Tag Archives: PowerShell

Resolve-DnsName PowerShell command

Every now and then you find these small little things that turn out to be very useful. The Resolve-DnsName cmdlet in PowerShell is such a brilliant thing, and it is a nice replacement for NSLOOKUP. Since it is a PowerShell cmdlet you can easily use it in scripts. It looks like this command was introduced in Windows Server 2012 R2, but I found out only a couple of days ago.

As an Exchange consultant I can use the Resolve-DnsName for retrieving my MX records, or my DMARC record:

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Using the Get-Help Resolve-DnsName command you can get more information, if you need some examples on how to use it you can use the -Examples option, or the -Detailed and -Full options.

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Very useful for an Exchange admin, and it can be used in PowerShell scripts.

Rename filenames containing strange characters with PowerShell

Recently I had a computer with tons of file on it which I had to backup and upload to OneDrive for Business (OdfB). For some unknown reason there were lots of file that had the HTML representation of a space character in it (%20), there were also filenames containing a # character.

Needless to say, the OdfB client didn’t like it, and kept complaining about not being able to upload files, it wanted to try again and again…. Renaming these files (in hundreds of directories) was not something I fancied, but this is great for PowerShell to figure out.

To find all files that contained the %20 in it I used the following command:

Dir -Recurse | Where-Object {$_.Name -like "*%20*" }

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Now it’s just a matter of renaming the “%20” with another character, for example an underscore character “_”, like this:

Dir -Recurse | Where-Object {$_.Name -like "*%20*" } | Rename-Item -NewName { $_.Name -replace "%20","_" }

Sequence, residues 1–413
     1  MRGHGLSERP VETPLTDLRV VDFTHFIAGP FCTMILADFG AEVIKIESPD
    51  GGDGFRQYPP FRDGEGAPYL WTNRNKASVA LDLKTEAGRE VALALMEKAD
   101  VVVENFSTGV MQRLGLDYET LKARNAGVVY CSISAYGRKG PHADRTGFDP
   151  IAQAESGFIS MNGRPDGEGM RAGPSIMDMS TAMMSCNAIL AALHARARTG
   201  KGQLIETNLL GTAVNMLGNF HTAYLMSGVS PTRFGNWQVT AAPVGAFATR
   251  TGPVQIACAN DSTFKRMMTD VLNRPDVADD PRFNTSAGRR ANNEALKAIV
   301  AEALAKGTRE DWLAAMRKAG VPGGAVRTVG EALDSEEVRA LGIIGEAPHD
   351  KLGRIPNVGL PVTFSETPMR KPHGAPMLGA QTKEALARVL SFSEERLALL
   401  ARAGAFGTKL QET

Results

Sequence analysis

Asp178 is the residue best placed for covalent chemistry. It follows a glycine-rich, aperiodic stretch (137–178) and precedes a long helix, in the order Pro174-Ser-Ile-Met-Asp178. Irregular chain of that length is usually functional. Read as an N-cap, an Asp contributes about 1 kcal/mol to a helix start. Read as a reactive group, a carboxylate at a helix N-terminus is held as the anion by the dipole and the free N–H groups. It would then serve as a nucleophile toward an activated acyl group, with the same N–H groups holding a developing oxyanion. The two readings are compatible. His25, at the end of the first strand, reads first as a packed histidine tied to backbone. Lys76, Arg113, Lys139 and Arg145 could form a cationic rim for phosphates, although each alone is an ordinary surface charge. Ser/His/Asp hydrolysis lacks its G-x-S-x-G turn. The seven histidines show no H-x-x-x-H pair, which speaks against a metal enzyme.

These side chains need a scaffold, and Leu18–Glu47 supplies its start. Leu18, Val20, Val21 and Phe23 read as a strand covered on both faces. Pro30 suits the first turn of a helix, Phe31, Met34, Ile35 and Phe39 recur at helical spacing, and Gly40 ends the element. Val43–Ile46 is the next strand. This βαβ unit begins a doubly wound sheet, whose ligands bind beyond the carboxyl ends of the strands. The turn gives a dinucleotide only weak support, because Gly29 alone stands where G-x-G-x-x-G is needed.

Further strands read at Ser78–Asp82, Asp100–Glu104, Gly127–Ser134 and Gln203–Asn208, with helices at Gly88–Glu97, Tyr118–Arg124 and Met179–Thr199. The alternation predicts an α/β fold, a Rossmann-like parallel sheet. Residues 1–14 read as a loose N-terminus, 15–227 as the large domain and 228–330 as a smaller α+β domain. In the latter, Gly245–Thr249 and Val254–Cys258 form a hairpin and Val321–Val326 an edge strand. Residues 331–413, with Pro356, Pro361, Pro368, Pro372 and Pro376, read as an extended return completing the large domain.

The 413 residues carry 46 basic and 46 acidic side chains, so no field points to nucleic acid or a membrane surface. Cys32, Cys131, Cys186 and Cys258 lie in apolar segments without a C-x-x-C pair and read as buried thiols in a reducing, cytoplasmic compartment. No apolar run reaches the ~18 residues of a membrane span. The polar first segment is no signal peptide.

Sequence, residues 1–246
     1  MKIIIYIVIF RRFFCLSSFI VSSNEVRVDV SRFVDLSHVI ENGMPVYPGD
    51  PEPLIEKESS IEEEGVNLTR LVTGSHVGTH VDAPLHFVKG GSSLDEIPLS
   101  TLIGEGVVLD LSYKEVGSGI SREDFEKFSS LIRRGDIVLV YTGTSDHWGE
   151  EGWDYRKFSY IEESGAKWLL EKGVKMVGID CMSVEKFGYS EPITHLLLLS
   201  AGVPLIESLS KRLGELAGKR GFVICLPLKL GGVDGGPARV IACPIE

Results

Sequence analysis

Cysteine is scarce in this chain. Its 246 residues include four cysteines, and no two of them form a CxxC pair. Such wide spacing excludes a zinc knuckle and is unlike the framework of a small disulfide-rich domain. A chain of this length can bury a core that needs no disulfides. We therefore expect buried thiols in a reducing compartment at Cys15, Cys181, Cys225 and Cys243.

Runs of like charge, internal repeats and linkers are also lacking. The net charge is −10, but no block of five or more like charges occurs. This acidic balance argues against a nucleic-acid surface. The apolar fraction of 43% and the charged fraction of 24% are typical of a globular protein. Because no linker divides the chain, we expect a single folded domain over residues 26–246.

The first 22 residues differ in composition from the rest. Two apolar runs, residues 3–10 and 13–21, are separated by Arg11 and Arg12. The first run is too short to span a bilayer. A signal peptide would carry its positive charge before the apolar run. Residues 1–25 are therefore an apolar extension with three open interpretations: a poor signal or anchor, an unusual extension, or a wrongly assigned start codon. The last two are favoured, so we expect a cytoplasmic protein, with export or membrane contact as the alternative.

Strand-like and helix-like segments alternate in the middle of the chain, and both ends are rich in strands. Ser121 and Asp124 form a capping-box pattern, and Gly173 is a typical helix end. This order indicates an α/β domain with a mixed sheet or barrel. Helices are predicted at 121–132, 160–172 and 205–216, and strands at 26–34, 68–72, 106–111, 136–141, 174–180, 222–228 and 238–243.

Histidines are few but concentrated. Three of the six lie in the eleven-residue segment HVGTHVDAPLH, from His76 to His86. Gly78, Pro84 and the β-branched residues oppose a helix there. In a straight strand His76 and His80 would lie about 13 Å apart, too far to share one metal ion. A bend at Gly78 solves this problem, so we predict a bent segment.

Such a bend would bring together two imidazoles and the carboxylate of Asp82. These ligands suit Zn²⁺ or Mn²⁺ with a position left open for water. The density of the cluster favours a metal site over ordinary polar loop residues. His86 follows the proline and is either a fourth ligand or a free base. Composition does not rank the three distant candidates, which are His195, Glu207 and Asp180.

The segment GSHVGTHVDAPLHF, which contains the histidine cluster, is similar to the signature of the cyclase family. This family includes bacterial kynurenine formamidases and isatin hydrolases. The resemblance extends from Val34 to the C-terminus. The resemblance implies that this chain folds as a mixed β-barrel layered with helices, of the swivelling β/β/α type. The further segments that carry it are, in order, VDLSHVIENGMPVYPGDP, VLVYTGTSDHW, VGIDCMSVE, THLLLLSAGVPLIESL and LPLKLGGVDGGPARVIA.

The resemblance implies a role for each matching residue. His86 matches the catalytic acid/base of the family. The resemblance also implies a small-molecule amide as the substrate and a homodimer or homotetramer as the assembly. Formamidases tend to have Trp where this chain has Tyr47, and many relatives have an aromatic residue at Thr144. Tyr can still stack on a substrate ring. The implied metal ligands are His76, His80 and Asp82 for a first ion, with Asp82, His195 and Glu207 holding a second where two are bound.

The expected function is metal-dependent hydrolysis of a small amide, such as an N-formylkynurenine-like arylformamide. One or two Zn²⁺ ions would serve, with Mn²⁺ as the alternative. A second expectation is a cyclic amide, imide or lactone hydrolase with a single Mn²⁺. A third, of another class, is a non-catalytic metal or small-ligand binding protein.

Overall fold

Et voila, all “%20” characters are now removed from the filenames, and ready to be uploaded to OneDrive for Business

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Upgrade Azure Active Directory Synchronization to AADConnect

The Microsoft Directory Synchronization has been available in a variety of versions and names:

  • DirSync (the original).
  • Azure Active Directory Sync (AADSync).
  • Azure Active Directory Connect (AADConnect).

Each version of the tool had a number of releases, for the original DirSync for example there were 14 different releases as can be seen here. Similar information for AADSync (5 releases) can be found here, and for AADConnect (12 releases) you can find it here.

In my test environment (Exchange hybrid) I’m currently running AADSync 1.0.491.413. Since the current (as of March 2016) version is AADConnect 1.1.110.0 it’s time to upgrade J

When upgrading from a previous version there are two options:

  • In-place upgrade – this is the recommended way if the upgrade time takes less than three hours.
  • Parallel upgrade – This is the recommended way if the upgrade time takes more than three hours.

Why three hours? The Directory Synchronization runs every three hours. It is also estimated that if you have more than 50,000 objects to synchronize, the upgrade will take more than 3 hours.